Book at least four weeks in advance. If you have a longer layover, this is a more expensive and nicer hotel still within the airport grounds, but you need to take a bus or taxi: http://www.ihg.com/crowneplaza/hotels/us/en/reservation The taxi ride is short. They do take credit cards, and you can expect to pay about $25 US. The bus is a bit difficult to find, so ask for directions.

    Credit card symbolTravel Tip 6: Money is another worry for travelers. I don’t carry traveler’s checks or a lot of cash with me. I usually just hit the ATM on arrival. Make sure your card has the PLUS 3 triangle sign. The only country I have been to recently where I had trouble finding an ATM that would work with my cards was Japan. Eventually I walked five blocks from my hotel to a post office, and it worked!

    Credit cards charge a hefty foreign transaction fee, so watch for that. I travel with cards that have no international fees and you can read more here: http://www.huffingtonpost.com/ellen-cannon/no-foreign-transaction-fees_b_1690617.html I personally prefer a Chase Sapphire card because they have the best points program and no fees.

    Travel Tip 7: Luggage is always a challenge. Packing light gets harder for me if I pack at the last minute. I like to write down my itinerary with the days of the week and plan my clothing for each day and evening if there is an outing. I think about a basic color scheme—black, white, and tan are great—and then add color with a scarf or inexpensive earrings. A bathing suit and workout gear are a must, as are comfy shoes. I lay it all out on the floor, and then take at least half of it away (the hard part). One good thing about Asia, laundry is available at all the hotels, and it is very inexpensive. I also pack a small day bag with lots of pockets and zips, which I wear across my body. My day bag holds my passport, credit cards,lip gloss, wipes, my camera, and a water bottle, which I hang from a curved sturdy clip from REI called a Nite Ize S-Biner.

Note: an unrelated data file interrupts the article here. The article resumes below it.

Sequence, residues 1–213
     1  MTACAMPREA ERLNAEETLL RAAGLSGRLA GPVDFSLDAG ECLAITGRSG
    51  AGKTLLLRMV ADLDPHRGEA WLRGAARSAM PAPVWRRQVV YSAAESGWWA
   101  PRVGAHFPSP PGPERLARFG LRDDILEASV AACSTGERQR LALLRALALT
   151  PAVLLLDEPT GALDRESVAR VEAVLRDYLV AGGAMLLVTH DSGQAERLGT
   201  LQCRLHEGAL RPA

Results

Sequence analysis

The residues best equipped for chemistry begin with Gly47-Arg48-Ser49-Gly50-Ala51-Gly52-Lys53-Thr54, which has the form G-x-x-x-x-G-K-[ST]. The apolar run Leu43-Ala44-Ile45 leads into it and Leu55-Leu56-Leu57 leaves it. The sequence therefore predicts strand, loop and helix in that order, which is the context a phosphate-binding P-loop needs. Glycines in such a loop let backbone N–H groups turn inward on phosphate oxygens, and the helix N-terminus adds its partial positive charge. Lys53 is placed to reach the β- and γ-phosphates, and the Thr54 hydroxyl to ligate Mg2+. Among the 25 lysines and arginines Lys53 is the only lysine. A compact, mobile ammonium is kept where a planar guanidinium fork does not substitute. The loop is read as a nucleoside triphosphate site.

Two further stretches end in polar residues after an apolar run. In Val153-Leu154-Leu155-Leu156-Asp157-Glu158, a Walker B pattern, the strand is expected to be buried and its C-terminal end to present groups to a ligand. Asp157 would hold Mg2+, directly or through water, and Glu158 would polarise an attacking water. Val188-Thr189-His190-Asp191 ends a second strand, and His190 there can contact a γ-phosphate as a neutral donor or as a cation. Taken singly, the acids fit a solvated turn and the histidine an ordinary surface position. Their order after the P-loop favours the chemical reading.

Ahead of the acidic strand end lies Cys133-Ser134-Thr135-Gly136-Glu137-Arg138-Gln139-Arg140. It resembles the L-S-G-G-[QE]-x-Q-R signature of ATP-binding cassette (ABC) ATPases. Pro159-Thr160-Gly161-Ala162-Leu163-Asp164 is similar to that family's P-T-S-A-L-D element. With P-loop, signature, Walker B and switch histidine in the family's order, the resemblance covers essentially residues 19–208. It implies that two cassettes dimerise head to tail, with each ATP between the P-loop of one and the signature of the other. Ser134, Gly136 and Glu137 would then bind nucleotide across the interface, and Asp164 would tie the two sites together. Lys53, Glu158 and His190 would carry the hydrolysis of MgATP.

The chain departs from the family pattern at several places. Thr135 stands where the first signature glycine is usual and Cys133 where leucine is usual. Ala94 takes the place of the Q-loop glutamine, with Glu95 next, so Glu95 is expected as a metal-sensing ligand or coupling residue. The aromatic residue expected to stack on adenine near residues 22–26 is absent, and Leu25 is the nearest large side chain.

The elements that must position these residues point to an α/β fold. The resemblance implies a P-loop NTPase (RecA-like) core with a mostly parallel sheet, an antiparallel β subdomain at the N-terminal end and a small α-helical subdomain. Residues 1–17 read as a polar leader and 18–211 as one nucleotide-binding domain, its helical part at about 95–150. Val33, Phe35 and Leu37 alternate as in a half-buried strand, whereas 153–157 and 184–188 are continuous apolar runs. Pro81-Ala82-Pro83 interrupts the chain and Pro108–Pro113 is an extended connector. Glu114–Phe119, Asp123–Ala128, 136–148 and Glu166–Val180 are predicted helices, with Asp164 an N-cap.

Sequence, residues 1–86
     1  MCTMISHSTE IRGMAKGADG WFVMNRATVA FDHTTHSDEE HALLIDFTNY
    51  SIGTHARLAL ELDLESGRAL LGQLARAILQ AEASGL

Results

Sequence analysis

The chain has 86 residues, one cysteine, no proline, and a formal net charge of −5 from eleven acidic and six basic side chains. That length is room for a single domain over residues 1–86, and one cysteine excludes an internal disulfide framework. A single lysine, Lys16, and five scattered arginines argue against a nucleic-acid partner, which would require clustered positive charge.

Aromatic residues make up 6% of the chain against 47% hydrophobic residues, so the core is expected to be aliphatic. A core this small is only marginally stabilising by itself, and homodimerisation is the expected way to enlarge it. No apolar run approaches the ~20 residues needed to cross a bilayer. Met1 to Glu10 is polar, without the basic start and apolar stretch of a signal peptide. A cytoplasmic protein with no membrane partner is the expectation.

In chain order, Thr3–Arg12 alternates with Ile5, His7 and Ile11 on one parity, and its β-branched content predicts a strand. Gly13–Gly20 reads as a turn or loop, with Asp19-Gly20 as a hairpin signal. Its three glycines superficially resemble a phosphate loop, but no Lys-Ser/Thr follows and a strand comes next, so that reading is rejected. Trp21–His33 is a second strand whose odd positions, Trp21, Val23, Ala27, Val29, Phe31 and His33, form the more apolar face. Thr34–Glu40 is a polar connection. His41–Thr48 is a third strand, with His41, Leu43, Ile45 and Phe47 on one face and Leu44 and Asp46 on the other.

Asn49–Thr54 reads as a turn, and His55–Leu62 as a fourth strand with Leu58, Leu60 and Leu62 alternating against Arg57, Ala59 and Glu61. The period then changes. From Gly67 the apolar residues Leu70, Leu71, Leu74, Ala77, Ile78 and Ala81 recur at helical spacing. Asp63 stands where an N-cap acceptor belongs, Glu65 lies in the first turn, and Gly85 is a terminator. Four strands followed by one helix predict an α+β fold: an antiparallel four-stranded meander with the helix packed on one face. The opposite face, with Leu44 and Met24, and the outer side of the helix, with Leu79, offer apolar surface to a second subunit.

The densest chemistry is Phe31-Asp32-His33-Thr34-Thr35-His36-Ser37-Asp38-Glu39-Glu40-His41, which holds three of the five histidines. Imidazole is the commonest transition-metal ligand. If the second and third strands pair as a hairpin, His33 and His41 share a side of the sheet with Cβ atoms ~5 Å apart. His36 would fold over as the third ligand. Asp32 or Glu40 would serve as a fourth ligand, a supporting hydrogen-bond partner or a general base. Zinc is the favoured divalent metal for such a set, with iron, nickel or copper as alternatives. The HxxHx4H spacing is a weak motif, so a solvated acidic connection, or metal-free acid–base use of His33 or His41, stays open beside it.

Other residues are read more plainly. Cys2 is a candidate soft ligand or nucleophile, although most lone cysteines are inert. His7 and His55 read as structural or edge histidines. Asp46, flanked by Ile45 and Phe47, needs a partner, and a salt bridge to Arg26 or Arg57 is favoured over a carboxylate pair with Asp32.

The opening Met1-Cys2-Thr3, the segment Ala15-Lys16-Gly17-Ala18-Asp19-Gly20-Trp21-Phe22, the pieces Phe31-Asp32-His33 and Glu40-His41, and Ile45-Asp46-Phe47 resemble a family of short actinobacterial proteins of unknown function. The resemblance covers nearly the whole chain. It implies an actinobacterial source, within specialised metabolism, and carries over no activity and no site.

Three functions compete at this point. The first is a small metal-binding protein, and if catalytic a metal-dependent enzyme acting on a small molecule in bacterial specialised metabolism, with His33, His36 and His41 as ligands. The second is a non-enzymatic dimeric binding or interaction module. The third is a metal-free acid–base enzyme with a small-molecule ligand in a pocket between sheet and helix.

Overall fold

Travel Tip 8: I love photography and travel provides a lot of material. I am not a fan of heavy, bulky equipment though, so I just carry my trusty Canon Power Shot SX 230 HS and my twisty tripod that will attach to anything. It is not the latest model, but it works just fine and shoots quite good video!  Having an easy to use camera that can video ensures you won't miss a thing. Check out my next career as a Gamelan player in Indonesia. http://www.youtube.com/watch?v=s9Te-wEOTBE&feature=youtu.beGamelan Lesson Picture

    Next week I will share my top five homeopathic travel remedies and top five essential oils to never leave home without!

    If you have any questions about the information I’ve shared in this post, please feel free to ask. Leave a comment, and I’ll get right back to you with more information.

    I hope you can join us for the trip of a lifetime! Change your life, build memories, and get educated all at the same time!

     

     

    UPDATE: ACHS will be journey across the globe AGAIN for Aromatic Indonesia 2014! Curious about the trip? Click the button below for more information!

    Get Info on Indonesia Study TourGet Info on Indonesia May 2014